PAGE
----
Harwood Union Unified seniors deserve a graduation ceremony. We all agree that the pandemic has created issues concerning this traditional graduation event. However, one’s journey should never end with a stumble.
This class is unique. They have faced adversity several times. They were born only a year or two after the tragedy of 9/11. They were in middle school when our community suffered the loss of five students in a horrific automobile crash. This year COVID-19 has forced them to cancel the prom, spring sports seasons and final musical and theatrical performances. Though there is no education like adversity, it is one’s reaction to adversity and not the adversity itself that determines how one’s life story will develop.
As a teacher and coach for 41 years, my students and student-athletes have suffered major setbacks. In my science classes, when students were identifying bacteriological unknowns, at times they became frustrated and felt trapped. I encouraged them to think differently, try something new or research alternatives.
In track and field, athletes would get injured or sick before an important meet. Their teammates made sacrifices to fill the gap. Sprinters became hurdlers, jumpers became vaulters and javelin throwers became shot putters. This esprit de corps helped Harwood win many state titles.
For the Class of 2020 graduation, we need to think differently and try something new. As a community let’s join together in spirit and help celebrate this very special class.
I urge the Harwood administration to create and develop a unique ceremony. For ideas look to the internet.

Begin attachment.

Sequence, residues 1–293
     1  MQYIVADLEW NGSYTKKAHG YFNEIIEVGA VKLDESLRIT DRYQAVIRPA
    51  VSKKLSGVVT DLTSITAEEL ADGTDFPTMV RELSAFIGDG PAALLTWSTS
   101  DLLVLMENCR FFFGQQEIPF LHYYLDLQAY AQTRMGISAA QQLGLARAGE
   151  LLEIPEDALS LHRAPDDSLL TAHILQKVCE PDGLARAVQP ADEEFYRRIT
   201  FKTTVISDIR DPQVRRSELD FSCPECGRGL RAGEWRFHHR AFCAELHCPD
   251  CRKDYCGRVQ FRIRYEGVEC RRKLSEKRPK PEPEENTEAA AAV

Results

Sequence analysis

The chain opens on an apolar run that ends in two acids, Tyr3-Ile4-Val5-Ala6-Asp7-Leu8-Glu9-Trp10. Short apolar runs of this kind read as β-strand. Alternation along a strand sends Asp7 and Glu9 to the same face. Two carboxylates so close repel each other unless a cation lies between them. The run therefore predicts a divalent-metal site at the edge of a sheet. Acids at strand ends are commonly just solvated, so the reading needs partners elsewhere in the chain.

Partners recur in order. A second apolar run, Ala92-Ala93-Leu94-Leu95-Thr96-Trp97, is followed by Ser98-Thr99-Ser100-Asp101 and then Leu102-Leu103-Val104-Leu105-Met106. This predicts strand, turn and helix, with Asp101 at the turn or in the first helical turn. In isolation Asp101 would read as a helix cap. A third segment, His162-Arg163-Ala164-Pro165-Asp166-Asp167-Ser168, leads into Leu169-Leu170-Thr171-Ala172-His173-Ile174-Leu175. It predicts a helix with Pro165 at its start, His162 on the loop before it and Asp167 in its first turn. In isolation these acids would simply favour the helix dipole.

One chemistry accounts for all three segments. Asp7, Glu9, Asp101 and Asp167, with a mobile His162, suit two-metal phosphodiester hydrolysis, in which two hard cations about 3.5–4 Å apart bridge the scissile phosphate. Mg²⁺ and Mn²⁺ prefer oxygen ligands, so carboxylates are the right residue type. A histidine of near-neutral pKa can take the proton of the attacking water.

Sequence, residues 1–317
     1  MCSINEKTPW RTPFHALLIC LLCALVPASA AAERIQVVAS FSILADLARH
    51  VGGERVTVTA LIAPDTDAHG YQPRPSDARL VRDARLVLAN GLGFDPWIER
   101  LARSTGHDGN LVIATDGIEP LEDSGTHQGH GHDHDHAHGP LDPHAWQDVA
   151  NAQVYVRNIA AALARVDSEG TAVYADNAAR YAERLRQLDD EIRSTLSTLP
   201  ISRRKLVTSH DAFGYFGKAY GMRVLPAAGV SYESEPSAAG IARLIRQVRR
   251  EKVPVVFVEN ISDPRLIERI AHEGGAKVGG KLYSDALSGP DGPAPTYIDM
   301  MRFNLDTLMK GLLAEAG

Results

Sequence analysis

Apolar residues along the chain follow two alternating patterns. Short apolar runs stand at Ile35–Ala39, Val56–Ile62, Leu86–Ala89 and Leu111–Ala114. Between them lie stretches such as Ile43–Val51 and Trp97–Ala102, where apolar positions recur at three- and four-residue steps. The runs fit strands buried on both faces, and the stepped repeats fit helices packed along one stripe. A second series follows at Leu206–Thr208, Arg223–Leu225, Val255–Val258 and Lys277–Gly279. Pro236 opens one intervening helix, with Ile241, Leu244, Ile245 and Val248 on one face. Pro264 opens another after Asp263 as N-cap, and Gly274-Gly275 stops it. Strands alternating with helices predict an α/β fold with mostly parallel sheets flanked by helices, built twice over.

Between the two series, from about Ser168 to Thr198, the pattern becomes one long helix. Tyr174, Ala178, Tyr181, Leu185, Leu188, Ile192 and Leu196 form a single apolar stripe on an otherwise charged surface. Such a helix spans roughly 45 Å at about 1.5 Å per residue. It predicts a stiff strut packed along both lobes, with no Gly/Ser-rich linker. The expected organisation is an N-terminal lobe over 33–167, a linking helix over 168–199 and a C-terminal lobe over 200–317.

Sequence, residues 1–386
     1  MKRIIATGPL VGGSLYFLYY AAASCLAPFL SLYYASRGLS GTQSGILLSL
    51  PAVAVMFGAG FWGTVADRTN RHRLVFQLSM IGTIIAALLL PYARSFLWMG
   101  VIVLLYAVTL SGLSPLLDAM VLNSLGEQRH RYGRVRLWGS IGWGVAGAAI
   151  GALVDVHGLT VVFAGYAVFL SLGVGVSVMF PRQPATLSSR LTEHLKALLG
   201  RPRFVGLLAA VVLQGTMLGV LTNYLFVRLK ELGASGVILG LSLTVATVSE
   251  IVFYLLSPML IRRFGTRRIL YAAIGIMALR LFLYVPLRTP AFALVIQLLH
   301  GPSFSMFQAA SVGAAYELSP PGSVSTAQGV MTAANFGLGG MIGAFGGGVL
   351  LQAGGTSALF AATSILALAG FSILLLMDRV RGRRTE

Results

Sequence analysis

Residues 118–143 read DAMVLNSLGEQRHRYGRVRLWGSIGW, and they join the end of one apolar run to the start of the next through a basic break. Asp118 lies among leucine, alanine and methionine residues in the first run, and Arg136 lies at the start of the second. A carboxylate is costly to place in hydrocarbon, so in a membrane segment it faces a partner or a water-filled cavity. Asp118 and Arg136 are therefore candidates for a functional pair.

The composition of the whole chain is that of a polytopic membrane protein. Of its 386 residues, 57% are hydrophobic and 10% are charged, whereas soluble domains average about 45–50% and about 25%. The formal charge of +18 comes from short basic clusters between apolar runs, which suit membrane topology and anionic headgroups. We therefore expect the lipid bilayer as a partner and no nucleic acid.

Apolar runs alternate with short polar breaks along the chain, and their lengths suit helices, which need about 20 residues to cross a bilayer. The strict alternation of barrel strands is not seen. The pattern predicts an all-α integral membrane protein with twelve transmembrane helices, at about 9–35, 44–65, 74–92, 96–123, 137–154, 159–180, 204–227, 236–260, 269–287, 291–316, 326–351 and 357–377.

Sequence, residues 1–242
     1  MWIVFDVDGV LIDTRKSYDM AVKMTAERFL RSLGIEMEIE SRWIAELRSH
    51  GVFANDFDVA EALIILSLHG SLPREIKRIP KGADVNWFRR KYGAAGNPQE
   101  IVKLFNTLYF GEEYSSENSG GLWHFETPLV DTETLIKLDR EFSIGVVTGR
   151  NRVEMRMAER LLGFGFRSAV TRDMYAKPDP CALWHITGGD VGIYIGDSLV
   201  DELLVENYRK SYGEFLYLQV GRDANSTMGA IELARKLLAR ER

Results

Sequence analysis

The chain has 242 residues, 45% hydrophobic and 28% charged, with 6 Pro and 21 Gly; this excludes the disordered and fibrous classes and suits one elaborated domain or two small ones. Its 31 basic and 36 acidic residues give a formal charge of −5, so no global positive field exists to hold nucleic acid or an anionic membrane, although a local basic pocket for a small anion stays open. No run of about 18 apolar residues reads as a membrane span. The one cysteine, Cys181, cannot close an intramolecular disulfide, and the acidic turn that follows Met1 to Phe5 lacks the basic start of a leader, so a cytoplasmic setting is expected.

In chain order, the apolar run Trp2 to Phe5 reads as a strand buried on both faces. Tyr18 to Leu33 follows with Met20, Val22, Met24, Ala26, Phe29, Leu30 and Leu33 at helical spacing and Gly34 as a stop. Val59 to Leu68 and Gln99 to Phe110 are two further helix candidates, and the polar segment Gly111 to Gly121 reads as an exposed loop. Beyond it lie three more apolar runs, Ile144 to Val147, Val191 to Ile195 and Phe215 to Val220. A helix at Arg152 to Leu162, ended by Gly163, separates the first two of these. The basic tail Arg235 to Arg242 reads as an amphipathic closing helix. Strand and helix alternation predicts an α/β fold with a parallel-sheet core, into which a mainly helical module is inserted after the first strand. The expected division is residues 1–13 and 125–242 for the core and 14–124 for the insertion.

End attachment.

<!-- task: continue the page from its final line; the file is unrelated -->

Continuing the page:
For example, one that caught the interest of many in the HUUSD was the proposed graduation ceremony for seniors at Kennett High School in North Conway, NH (also a ski town). Graduates will be receiving their diplomas after a chairlift ride to the summit of Cranmore Mountain.
There are those who may say the fear of litigation would never allow something like this at Harwood. This fear has abruptly halted many original ideas. Our community abounds with risk-takers, innovators and problem-solvers. Let’s show this class that we can overcome obstacles together.
Imagine if you can: Seniors riding a lift (no social distancing necessary on the Single Chair at Mad River Glen) to the summit of General Stark or on their way to the summit of Lincoln Peak at Sugarbush. Family, friends and community members will be shouting encouragement from the beautiful trails below. At the summit, socially distanced faculty wearing black and gold face masks embroidered with 2020 would greet the graduates. The Class of 2020 would receive their diplomas from on an artistically crafted podium designed by local engineers and artists. Their photo would be taken with the beautiful Mad River Valley below.
By now we all know that the COVID-19 viral pandemic crisis originated in China. “When written in Chinese the word crisis is composed of two characters. One character represents danger and the other represents opportunity.
Let’s make the best of an opportunity to give our seniors the most unique, creative graduation ceremony ever!
Kerrigan lives in Duxbury, Vermont.